By now, you may be insisting: WHAT does all this stuff have to do with Ms. Piestewa??
Hold your horses. I'm just about there. But before I do, let me also add that honoring warriors, living or dead, is a big deal in Native America. A really big deal, because they exemplify the qualities that Native cultures hold in high regard. The weapons, tactics, motivations and theatres of war have changed over time, but the warrior tradition continues and those who serve are highly esteemed.
Considering the tragic history of the relationship between the U.S. government and Native America, some non-Indians have asked them why they fight for this country. After all, they reason, Native Americans in their entirety were not granted citizenship until 1924. And yet, many have volunteered to fight in America's wars and conflicts for over 200 years.
Answer to the question: they fight because America is still the homeland. And when somebody threatens home or its interests, you take a stand. You fight for it.
But regarding Ms. Piestewa again—here goes. A loose translation of her last name is "the people who live by the water."
She was born in Tuba City, Arizona, December 14, 1979 on the Navajo Indian Reservation and served in the U.S. Army from 2001 to 2003. Her father is Hopi; her mother, Mexican-American.
In the family's tradition of military service, her paternal grandfather served in the U.S. Army, Europe, in World War II, her father, in Viet Nam as did—according to the Naval History and Heritage Command website—more than 42,000 other Native Americans, 90 percent of them volunteers.
But on March 23, 2003, Lori Piestewa, mother of two, a quartermaster soldier of the 507th Army Maintenance Company and her comrades were traveling in Nasiriyah in southern Iraq when their convoy was ambushed. Her Humvee was hit by a rocket-propelled grenade. Piestewa later died from her wounds.
She was awarded the Prisoner of War medal, the Purple Heart, and was promoted posthumously from Private First Class to Specialist.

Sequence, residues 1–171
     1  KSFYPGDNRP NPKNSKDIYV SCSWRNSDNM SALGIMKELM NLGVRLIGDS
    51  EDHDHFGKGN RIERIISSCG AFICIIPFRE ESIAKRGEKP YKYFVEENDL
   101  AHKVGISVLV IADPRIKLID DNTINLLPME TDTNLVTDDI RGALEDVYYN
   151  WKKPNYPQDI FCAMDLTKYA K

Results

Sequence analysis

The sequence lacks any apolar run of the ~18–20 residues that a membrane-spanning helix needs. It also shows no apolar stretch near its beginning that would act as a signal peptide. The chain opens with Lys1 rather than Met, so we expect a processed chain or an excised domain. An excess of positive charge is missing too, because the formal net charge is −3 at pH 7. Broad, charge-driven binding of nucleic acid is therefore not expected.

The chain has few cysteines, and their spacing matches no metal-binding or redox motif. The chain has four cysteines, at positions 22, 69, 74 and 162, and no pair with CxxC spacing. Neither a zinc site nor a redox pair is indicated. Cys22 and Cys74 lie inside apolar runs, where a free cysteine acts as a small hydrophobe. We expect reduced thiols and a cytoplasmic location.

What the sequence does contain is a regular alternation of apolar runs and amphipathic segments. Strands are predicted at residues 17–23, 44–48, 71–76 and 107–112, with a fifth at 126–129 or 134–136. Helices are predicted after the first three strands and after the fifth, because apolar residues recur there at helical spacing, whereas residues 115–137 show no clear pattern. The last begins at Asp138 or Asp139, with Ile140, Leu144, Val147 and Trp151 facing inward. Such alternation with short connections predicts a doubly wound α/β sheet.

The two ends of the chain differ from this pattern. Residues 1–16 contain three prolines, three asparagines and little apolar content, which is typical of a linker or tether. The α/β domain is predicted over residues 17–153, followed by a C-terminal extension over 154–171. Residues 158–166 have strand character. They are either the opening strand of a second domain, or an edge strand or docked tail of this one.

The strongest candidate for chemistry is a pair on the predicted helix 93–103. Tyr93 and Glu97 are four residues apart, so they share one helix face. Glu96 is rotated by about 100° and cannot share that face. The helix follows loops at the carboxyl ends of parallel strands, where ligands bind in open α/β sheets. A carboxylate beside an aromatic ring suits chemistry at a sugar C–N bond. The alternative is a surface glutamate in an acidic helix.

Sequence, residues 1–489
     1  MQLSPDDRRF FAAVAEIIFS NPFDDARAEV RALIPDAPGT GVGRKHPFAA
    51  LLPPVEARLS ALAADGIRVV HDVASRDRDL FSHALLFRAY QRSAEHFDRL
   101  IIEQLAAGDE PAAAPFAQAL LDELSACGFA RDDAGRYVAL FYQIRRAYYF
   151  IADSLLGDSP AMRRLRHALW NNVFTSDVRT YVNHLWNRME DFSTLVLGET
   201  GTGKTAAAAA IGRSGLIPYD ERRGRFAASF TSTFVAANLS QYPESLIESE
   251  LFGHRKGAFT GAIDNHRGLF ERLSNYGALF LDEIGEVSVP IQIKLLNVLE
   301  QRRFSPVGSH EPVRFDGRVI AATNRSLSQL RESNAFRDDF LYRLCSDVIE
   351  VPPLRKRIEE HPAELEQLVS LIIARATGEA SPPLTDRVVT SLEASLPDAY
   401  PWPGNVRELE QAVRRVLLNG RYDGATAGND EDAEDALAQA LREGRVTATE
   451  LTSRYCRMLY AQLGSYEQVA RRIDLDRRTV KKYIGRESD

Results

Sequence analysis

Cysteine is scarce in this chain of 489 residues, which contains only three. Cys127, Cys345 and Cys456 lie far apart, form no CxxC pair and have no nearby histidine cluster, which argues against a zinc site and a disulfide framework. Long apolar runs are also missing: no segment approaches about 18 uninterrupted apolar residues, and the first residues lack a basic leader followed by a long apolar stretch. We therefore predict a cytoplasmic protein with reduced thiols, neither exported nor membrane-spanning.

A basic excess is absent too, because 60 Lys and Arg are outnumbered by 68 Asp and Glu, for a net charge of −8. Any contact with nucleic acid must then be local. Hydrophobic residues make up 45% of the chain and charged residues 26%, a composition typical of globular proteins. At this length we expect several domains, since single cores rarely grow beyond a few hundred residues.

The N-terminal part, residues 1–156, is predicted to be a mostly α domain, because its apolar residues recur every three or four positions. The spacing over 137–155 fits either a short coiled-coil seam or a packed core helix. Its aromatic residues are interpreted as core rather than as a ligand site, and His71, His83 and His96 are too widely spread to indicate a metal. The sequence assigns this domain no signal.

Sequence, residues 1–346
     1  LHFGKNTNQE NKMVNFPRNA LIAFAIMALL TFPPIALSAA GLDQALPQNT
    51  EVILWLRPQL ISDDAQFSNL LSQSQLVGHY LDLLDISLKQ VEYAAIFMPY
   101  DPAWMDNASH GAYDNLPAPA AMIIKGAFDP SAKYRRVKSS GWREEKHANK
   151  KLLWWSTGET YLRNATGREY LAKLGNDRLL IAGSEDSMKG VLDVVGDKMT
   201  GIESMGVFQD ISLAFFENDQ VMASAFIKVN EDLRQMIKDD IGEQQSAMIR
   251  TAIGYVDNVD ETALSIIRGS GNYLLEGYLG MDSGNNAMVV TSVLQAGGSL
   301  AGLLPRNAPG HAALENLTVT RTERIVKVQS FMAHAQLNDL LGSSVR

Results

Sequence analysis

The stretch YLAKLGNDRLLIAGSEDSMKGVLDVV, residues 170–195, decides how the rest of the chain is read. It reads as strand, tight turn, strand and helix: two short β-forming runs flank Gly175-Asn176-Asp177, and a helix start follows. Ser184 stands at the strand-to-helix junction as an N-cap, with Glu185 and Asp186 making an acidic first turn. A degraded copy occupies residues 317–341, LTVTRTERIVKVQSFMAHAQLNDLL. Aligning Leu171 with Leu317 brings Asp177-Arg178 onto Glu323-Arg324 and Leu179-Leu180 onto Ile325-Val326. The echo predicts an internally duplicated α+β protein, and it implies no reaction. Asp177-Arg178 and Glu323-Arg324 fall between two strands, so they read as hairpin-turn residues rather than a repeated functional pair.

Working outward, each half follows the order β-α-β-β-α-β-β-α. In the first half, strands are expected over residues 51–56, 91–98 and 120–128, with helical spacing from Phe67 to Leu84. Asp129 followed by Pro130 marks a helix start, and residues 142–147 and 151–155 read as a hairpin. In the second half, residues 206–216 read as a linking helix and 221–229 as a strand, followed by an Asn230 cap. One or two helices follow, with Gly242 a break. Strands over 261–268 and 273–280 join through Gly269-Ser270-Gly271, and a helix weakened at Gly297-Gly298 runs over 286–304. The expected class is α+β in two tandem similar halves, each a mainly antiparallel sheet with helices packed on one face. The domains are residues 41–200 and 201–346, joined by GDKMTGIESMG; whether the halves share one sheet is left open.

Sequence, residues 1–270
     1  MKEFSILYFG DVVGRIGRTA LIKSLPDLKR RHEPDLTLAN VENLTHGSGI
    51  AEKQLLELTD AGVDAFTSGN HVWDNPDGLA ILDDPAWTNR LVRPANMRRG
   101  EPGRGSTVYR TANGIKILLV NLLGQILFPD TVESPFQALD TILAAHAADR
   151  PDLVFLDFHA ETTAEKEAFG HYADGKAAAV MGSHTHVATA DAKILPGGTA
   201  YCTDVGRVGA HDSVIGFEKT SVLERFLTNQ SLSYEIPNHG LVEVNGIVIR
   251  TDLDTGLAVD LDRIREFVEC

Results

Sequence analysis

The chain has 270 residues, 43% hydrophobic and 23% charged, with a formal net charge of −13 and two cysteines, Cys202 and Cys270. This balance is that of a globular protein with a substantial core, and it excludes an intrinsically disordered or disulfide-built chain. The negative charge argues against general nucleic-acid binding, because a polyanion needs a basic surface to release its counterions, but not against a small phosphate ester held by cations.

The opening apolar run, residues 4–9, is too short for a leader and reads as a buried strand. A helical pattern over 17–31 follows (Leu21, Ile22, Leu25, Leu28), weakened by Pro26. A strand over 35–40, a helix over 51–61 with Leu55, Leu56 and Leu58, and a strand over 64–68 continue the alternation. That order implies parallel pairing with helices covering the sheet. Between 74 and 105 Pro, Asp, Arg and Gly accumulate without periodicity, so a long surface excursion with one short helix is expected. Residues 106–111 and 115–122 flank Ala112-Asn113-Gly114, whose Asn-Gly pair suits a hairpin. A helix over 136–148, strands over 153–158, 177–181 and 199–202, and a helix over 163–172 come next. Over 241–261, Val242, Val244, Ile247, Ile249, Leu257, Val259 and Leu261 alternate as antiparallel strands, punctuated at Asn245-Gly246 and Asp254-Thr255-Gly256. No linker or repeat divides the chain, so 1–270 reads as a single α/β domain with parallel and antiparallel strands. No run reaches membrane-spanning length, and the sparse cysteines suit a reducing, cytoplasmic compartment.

Although Native women serving in the military traces back to World War I, Specialist Lori Piestewa was the first U.S. female soldier killed in the Iraq war, and the first combat death, ever, of a Native American woman in U.S. military history.
Although this "First" is a tragic one, for Specialist Piestewa and the thousands of other servicemen and women, Native and non-Native who paid the ultimate price, their memories are sacred. To even enlist, knowing the dangers, contradicts the very law of survival: the preservation of one's own life. And whether Native or non-Native, in a popular or unpopular war, those who served exemplified the qualities so revered in Native traditions:
Strength. Honor. Pride. Devotion. Wisdom.
But the one that best describes all who have served is Honor; and as Romans 13:7 in the Holy Bible instructs, "Render, therefore to all their dues: tribute to whom tribute is due...honour to whom honour."
We do pay them tribute. And we do render them honor. Each and every one.
K.B. Schaller, journalist, novelist, poet and conference speaker, is author of Gray Rainbow Journey (National Best Books Award Winner, USA Book News) and the sequel, Journey by the Sackcloth Moon (both OakTara). She lives in Plantation, Florida. www.KBSchaller.com